The West German state of Hesse, of which Frankfurt is the capital, spent more than $40,000,000 on refugee children by the end of 1988. Last year, most of the children came from Iran, but the influx from Iran has stopped and now it is the turn of Sri Lanka. Last month, only one child came from India while 68 came from Sri Lanka. The various regions of Germany are reluctant to take more children – they would like to pass them on to others. They claim that they do not have a suitable infrastructure. Opinions have been expressed that so much taxpayer's money should not be spent on outside citizens.

"The solution, however, seems to be a fairly easy one for the government," a social worker from a German Christian church told me. "Until now, children under the age of 16 did not require a visa. This allowance will be abolished. The consequence: the airlines can no longer transport children who do not have a visa or do not stand a chance of getting one."

Just such a law will be decided upon in April. Then only children under the age of 16 who are members of the European Economic Community countries plus Yugoslavia, Morocco, Turkey and Tunisia will be excluded from the visa requirements.

Aside from the cost, politicians belonging to the government coalition say it is awful for the little ones to be exposed to such a cultural shock. The head of the liberal party said, "Is it human for a family to put its child into an airplane in the East and leave it to its fate in West Germany?" Such answers worry the refugee organizations. Said one representative, Marita, "Should Jewish parents have taken their children to the concentration camps or into the gas chambers just to spare them the culture shock in a strange country?"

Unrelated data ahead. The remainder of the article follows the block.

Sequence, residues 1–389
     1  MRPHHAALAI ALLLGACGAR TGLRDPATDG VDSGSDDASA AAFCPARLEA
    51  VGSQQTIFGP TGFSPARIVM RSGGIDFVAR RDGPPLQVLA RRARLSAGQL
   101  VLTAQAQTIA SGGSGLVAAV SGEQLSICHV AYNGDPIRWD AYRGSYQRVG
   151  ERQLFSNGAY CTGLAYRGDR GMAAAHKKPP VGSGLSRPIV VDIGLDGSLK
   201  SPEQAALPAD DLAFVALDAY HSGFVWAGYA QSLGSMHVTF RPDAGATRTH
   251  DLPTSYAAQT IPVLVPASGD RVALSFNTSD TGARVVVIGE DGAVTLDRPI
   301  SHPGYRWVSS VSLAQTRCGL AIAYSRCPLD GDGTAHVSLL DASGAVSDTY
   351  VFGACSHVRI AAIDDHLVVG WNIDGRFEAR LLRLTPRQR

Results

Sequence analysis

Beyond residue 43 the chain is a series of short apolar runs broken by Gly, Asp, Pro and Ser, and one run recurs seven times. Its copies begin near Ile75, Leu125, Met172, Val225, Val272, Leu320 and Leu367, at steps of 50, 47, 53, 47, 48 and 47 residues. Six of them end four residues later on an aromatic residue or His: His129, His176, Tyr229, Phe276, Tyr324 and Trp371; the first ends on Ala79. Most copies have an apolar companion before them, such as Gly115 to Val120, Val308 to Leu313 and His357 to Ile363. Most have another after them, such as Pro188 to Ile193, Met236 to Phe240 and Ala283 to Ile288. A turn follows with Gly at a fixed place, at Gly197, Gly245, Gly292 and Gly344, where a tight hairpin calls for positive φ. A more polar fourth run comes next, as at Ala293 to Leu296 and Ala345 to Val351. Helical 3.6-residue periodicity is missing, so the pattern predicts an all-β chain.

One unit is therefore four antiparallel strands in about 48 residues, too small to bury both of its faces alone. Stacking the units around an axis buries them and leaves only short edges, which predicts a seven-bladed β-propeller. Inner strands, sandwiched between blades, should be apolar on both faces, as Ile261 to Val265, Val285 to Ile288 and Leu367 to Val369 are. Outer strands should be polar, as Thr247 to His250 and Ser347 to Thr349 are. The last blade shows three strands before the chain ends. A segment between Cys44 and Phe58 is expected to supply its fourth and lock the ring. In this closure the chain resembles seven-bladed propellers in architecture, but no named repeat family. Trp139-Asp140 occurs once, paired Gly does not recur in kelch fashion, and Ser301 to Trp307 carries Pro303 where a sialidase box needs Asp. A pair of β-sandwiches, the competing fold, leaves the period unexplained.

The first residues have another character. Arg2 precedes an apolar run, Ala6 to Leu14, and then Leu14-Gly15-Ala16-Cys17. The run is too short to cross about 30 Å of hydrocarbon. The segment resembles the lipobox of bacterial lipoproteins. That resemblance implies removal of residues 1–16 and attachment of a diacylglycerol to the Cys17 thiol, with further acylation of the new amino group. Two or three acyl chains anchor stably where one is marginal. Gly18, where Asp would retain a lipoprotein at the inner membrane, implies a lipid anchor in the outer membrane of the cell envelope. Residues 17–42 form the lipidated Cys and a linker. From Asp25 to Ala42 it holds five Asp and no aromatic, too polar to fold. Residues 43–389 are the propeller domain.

Marita understands the problem first hand. She has adopted a refugee herself – a girl, Feven (not a Sri Lankan). Feven was 6 years old then, now she is ten. She cannot remember how she got on the plane. Marita remembers the chaotic first six months when the girl had fits of fear; "Mum and dad gone, the police with the big car, fire, even road works." Slowly, though, Feven has become calmer and happy. But Marita has faced the intolerant reactions of neighbors – Swastika graffiti on her house, a scratched car and so on. "In our family," Marita said, "we experienced the problems caused by uprooting and war, and we see very clearly that 'refugee' meant 'rescue.'"

"Pro Asye," the federal working party for refugees, reckons that the main point of the new law is money. And indeed, the then Home Secretary, F. Zimmermann, quoted the high cost in support of the decision for the new law. At this point, there is little likelihood of the law's not going into effect and ending the flow of child refugees from disturbed countries.

Article copyright Himalayan Academy.